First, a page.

Procedural history. At Mitchell’s trial for driving while impaired, he moved to suppress the results of the blood test, alleging that the warrantless blood draw violated his Fourth Amendment rights. The State argued that Mitchell consented to the blood draw by driving on Wisconsin roadways, citing provisions of the state’s implied consent laws that said as much. The trial court denied the motion to suppress. Mitchell was convicted of impaired driving and appealed. The Wisconsin Supreme Court affirmed Mitchell’s conviction by a 5-2 margin, though no single opinion commanded a majority. The justices disagreed about how the principles announced in Birchfield applied to blood draws carried out pursuant to implied consent statutes that carried only civil penalties.

What did Birchfield say again? In Birchfield, the United States Supreme Court considered the constitutionality of implied consent testing schemes that imposed criminal penalties for a suspect’s refusal to submit to testing. The Court determined that breath tests were a permissible search incident to arrest. Officers do not need a warrant to carry out such a search and defendants have no right to refuse. Thus, a defendant may be criminally punished for refusing a breath test.

Birchfield determined, however, that blood tests are different. They are far more intrusive than breath tests and thus are not permissible as searches incident to arrest. As for the statutory schemes that imply a defendant’s consent, the court explained that the consequences to which motorists may be deemed to have consented by driving on public roads must be reasonable. And deeming a driver to have consented to a blood test under threat of criminal prosecution is not a reasonable requirement.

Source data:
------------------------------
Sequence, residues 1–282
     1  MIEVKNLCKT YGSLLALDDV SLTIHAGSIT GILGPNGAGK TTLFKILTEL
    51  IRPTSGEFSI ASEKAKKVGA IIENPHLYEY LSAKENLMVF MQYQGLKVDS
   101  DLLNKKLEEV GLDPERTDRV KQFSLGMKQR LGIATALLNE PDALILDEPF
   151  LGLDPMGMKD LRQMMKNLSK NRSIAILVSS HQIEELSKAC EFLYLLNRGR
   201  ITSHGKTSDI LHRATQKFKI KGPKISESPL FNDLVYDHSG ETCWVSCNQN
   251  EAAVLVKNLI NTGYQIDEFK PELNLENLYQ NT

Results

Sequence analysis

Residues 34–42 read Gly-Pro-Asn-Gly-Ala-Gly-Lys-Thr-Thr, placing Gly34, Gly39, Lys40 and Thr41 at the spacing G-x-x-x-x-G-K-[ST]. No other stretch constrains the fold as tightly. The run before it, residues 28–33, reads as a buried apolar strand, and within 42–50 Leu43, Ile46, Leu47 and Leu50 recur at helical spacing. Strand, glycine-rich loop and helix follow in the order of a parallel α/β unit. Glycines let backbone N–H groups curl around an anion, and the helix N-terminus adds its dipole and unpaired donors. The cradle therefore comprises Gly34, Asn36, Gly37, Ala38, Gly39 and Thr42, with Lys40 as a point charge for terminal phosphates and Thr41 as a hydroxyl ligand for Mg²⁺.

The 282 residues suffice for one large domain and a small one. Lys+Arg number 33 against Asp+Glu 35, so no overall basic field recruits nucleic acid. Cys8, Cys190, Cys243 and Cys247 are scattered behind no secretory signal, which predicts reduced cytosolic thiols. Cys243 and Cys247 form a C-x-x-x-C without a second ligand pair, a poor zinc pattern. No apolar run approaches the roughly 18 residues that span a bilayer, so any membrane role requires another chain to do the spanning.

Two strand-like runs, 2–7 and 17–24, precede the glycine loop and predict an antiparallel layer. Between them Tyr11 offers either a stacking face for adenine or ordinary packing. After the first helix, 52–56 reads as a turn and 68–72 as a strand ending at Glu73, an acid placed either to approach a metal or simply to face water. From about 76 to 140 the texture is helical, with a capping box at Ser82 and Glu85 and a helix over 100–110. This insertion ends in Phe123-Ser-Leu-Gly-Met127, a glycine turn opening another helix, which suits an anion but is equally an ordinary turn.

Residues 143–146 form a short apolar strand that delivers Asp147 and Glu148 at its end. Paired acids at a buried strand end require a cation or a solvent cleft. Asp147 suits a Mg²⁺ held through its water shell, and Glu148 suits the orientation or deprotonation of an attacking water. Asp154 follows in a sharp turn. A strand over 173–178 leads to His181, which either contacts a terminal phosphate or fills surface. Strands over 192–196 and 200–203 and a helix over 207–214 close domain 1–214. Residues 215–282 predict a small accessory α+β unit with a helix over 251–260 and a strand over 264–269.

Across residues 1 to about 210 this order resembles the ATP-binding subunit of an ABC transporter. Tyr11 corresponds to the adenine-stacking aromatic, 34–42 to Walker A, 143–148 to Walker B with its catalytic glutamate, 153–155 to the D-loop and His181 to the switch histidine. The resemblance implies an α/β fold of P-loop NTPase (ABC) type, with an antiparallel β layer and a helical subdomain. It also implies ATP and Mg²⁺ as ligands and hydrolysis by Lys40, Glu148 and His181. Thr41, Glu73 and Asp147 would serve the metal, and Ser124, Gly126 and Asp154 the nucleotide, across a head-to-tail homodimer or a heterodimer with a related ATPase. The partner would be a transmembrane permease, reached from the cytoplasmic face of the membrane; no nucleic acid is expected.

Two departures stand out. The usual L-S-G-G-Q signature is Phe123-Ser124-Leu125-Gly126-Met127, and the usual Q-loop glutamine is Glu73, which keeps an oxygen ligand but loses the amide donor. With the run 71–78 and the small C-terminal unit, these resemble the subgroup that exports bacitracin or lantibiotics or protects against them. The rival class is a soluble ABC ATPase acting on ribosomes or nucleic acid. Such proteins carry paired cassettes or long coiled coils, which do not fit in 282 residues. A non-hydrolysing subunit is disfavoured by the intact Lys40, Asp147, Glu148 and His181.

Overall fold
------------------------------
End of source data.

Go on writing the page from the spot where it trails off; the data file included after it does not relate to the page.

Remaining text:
Birchfield did not squarely address the issue of whether warrantless blood testing could be justified based on a driver’s legally implied consent to testing under a statutory scheme that imposed only civil penalties. On the one hand, it cautioned that nothing it said should be construed to cast doubt on implied consent laws that imposed civil rather than criminal penalties for refusing to be tested. On the other hand, the court’s analysis of whether chemical testing is a permissible search incident to arrest and its remand for a determination regarding the voluntariness of one defendant’s consent suggest that consent is to be determined based on the totality of all the circumstances rather than by a legal construct that implies a driver’s consent to such testing.